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In addition to the ethical problems of promising benefits that can not reasonably be expected to occur, quackery also includes the risk that patients may choose to forego treatments that are more likely to help them, in favor of ineffective treatments given by the "quack".
Some ingredients did have medicinal effects: mercury, silver and arsenic compounds may have helped some infections and infestations; willow bark contained salicylic acid, chemically closely related to aspirin; and the quinine contained in Jesuit's bark was an effective treatment for malaria and other fevers.
However, knowledge of appropriate uses and dosages was limited.
Even where no fraud was intended, quack remedies often contained no effective ingredients whatsoever.
Some remedies contained substances such as opium, alcohol and honey, which would have given symptomatic relief but had no curative properties.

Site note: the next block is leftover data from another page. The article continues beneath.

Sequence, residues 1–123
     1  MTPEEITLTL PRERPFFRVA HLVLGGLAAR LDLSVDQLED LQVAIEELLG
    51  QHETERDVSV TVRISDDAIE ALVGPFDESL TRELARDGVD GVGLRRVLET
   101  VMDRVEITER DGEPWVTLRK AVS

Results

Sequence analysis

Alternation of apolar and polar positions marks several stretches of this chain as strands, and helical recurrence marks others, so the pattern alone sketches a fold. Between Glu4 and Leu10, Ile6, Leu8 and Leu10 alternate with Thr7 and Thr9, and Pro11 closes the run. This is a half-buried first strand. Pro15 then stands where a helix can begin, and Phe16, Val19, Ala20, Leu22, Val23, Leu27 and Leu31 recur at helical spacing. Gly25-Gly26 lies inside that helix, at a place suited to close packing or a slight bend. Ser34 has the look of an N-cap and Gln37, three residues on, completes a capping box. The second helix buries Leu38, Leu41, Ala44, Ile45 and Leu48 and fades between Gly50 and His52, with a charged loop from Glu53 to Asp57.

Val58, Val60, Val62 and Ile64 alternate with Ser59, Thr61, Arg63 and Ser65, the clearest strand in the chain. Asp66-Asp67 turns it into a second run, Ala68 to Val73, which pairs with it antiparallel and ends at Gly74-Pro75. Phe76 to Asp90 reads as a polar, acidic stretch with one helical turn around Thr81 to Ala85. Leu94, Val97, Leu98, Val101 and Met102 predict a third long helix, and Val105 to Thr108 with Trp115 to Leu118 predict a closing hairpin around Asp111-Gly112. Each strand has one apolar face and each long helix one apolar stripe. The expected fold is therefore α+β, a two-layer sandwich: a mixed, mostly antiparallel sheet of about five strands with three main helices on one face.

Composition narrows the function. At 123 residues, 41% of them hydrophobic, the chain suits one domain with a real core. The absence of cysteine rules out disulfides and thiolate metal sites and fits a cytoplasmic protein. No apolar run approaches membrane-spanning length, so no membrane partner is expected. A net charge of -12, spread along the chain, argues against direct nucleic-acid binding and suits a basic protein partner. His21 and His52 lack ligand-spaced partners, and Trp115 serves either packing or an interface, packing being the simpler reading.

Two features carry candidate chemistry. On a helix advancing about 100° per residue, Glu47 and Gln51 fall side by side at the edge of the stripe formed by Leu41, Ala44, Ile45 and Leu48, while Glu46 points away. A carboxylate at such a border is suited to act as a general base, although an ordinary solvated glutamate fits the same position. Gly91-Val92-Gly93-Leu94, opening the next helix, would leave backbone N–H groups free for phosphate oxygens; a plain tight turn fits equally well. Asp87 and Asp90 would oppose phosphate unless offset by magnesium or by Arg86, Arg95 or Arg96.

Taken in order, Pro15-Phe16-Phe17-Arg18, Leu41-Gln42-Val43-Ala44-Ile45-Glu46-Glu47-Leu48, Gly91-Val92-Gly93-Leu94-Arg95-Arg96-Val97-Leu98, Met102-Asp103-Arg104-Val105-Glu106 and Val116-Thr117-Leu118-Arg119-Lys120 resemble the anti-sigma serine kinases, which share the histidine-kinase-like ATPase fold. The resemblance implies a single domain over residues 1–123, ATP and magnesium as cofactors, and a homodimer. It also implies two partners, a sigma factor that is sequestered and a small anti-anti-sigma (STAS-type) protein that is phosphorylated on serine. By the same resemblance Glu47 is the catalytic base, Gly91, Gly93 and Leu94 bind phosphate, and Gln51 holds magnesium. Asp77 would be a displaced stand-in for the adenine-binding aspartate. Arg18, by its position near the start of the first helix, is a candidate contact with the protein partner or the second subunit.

Some would have addictive qualities to entice the buyer to return.
The few effective remedies sold by quacks included emetics, laxatives and diuretics.Berman, founder of the University of Maryland Center for Integrative Medicine, for writing that "There [is] evidence that both real acupuncture and sham acupuncture [are] more effective than no treatment and that acupuncture can be a useful supplement to other forms of conventional therapy for low back pain." He also castigated editors and peer reviewers at the New England Journal of Medicine for allowing it to be published, since it effectively recommended deliberately misleading patients in order to achieve a known placebo effect.With little understanding of the causes and mechanisms of illnesses, widely marketed "cures" (as opposed to locally produced and locally used remedies), often referred to as patent medicines, first came to prominence during the 17th and 18th centuries in Britain and the British colonies, including those in North America.Using other people’s research or ideas without giving them due credit is plagiarism.Since Bib Me™ makes it easy to create citations, build bibliographies and acknowledge other people’s work, there is no excuse to plagiarize.The science-based medicine community has criticized the infiltration of alternative medicine into mainstream academic medicine, education, and publications, accusing institutions of "diverting research time, money, and other resources from more fruitful lines of investigation in order to pursue a theory that has no basis in biology." R. Donnell coined the phrase "quackademic medicine" to describe this attention given to alternative medicine by academia.